Too Much Discussion?

It’s not often I complain about having too much discussion in class, but I have one class this semester where I have that student.  Anyone who has taught knows about that student, in relation to discussion.  They (I’ll use plural to protect anonymity) feel like they have to contribute to every single conversation that goes on.  Even when I’m simply talking about an idea or even a technique to do something, they feel the need to chime in with their thoughts on the matter.  On the rare occasions when they’re not sharing thoughts with the entire class, they’re usually sharing them with whomever is around them.

I haven’t handled the situation as well as I could have.  I’ve waited too long to do anything about the situation, which means fewer and fewer students have been contributing to the discussion, letting them do all of the work.  Such an approach isn’t healthy for the class, and I know it.  I also know how challenging of a situation this one is.  I don’t want to squelch anyone who’s contributing to the class, but I also don’t want one person to dominate.  This week, I knew things needed to change.I know that some people are saying that I should simply have talked to them outside of class and encouraged them to talk less frequently.  I thought about that approach, but I don’t want to make it seem I don’t value their comments, as I do.  They also seem to have a rather fragile ego, and such an approach could certainly have negative effects.  For that reason, as well as many others, I also don’t want to just shoot them down in class, which might be effect in the short term, but I can’t imagine what it would do to discussion, in general.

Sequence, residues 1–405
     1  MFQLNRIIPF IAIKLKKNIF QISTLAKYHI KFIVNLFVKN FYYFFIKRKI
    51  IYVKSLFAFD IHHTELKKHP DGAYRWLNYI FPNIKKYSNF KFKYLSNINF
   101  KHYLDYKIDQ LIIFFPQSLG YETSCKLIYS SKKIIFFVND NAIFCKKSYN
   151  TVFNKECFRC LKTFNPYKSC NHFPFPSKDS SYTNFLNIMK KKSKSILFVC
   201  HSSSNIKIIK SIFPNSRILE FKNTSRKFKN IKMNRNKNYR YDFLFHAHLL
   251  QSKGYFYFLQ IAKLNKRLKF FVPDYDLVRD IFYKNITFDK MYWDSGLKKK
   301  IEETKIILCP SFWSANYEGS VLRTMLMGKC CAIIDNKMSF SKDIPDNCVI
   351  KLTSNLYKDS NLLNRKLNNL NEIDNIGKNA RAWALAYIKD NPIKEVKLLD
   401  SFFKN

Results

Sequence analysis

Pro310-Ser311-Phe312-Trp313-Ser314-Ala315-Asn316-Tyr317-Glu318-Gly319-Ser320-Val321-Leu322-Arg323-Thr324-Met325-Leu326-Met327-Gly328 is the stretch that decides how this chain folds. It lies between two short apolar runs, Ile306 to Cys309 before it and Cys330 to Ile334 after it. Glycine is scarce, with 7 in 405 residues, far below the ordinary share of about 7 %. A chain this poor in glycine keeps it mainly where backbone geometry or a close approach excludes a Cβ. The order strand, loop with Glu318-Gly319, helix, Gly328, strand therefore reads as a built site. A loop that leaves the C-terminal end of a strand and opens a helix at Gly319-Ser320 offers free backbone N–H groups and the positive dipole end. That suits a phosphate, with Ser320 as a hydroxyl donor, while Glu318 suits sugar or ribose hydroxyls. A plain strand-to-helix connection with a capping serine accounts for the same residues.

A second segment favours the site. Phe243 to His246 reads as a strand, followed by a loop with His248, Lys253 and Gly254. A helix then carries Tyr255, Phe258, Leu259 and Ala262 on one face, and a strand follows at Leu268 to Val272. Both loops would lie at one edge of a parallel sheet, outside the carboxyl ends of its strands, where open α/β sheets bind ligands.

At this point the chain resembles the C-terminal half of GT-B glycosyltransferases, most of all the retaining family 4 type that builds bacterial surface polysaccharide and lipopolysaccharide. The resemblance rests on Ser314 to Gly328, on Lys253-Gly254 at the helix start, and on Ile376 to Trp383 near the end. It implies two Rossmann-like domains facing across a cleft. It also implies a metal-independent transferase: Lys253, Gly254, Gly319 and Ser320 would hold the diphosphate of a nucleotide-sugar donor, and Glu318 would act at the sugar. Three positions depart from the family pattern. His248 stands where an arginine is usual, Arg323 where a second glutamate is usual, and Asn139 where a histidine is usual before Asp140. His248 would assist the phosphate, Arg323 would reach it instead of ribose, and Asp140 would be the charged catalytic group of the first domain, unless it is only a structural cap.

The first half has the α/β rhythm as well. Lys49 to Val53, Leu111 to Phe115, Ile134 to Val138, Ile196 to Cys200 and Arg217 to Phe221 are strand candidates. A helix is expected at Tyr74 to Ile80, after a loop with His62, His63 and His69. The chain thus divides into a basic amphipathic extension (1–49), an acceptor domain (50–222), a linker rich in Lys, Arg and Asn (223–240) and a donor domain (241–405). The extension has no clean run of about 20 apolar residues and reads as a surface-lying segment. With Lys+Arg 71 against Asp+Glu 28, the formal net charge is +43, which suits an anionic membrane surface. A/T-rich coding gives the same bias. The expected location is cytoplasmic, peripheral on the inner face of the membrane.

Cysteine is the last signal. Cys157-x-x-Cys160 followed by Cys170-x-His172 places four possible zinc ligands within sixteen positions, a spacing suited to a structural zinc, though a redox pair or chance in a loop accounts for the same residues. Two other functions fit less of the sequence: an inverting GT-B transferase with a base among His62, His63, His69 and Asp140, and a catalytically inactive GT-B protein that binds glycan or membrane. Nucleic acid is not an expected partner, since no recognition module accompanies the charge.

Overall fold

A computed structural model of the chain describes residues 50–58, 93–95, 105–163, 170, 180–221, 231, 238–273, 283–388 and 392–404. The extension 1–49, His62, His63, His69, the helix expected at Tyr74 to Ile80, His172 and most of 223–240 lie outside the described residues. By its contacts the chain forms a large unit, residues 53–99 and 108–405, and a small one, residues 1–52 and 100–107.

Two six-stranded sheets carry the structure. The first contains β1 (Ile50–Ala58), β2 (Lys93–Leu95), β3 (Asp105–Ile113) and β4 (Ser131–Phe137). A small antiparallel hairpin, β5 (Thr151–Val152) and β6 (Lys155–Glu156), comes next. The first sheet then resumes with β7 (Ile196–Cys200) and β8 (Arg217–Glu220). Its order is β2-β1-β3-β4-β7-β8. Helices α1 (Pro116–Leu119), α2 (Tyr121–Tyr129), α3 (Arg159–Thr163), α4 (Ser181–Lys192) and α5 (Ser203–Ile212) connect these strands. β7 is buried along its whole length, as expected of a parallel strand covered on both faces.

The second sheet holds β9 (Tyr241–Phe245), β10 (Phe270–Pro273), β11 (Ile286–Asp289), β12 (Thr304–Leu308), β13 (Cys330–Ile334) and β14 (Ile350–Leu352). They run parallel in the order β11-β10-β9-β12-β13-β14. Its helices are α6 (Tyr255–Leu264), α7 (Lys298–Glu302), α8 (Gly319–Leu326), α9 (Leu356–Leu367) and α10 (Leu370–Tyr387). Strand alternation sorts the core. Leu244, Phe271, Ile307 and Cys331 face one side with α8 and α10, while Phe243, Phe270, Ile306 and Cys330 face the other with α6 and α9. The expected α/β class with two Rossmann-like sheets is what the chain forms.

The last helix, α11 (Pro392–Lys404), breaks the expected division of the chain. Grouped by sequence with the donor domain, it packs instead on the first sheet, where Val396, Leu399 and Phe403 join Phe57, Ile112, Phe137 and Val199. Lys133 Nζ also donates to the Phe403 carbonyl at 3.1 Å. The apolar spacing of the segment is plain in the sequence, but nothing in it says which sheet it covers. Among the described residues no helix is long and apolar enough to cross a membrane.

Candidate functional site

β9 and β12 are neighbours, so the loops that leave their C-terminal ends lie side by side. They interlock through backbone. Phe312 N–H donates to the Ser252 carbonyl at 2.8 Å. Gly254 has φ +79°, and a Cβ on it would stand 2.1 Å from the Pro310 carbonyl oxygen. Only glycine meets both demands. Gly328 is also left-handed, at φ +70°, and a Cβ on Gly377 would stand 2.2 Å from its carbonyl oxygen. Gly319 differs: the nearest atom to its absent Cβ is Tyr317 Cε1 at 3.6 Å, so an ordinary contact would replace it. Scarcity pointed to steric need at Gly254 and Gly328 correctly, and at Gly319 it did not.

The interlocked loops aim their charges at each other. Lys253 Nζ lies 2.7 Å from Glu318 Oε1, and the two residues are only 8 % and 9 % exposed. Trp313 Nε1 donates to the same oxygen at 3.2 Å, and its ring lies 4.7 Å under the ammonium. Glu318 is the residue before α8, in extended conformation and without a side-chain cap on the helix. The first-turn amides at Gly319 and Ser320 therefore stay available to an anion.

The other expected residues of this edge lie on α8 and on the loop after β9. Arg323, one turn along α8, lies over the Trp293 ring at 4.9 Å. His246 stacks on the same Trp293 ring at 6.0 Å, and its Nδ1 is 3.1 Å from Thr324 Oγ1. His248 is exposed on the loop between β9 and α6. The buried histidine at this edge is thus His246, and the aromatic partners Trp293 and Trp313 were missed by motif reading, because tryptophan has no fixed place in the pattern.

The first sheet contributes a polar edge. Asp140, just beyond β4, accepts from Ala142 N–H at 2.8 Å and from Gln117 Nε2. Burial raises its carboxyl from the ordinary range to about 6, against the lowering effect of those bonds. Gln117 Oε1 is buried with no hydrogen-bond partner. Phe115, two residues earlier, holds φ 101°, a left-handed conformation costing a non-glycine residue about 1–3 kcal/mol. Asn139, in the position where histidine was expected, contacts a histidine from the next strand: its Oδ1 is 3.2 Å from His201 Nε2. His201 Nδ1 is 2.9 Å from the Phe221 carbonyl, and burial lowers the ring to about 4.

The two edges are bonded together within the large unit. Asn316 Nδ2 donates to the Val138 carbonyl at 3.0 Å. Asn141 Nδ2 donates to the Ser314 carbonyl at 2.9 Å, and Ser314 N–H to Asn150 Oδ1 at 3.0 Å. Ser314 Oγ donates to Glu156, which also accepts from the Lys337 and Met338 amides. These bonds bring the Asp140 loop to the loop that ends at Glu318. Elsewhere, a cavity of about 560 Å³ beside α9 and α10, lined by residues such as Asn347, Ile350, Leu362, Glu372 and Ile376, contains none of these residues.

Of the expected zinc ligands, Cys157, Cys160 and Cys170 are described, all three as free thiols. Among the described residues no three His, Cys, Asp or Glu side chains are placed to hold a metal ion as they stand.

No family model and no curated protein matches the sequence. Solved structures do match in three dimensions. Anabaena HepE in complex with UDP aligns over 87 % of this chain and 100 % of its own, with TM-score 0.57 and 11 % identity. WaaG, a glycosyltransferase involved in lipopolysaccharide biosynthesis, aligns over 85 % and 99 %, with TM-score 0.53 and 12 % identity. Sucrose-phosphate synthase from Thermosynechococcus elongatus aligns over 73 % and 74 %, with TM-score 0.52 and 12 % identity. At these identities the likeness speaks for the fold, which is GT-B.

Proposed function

I’ve been reading Jay Howard’s Discussion in the College Classroom, and he definitely talks about this issue.  If you’re at all interested in class discussion, you should pick up the book and read it.  He does a good job of laying out the research around class discussion in an easily accessible approach to the subject.  I didn’t quite use any of the ideas he mentioned (yet), but I certainly pulled from his research.

I did an adapted form of what I’ve done in some of my freshman composition classes.  Given that those students are just starting college, and they’re not skilled at having an all-class discussion for an hour and fifteen minutes (I meet those classes twice a week), I tend to do some sort of group work every class.  That gives students a chance to work out their thoughts in smaller groups before coming back to the entire class and sharing them there (I have spokespeople for the group that are completely random, so everyone talks).

In this literature class, I didn’t want them to rearrange in groups and talk about the subject ahead of time, as we had too much to talk about that day.  Instead, I divided them by rows and called on each row to answer a question I posed.  Granted, the people who didn’t want to talk could still hide in their row and not have to participate in the active way that I would have wanted.  However, such an approach did negate how often my frequent talker could contribute.

They did still talk probably more than anyone else in the class, but not significantly more, as they’ve been doing.  Instead, I heard from more people than I had heard from in several weeks.  It still wasn’t ideal, but it was much better than the class meeting before.  It felt much more like a real discussion.

Today, then, I’ll continue taking such an approach.  I’ll probably put them into groups and have them do some work before coming back to the entire class.  I’ll be sure they’re not the random spokesperson for their group, so any contribution they make will make extra.  I know they’ll make some, but, again, I can limit that number fairly quickly.  After a few class periods of this, I might switch back and see if anything has changed.  I’m nothing if not an optimist.


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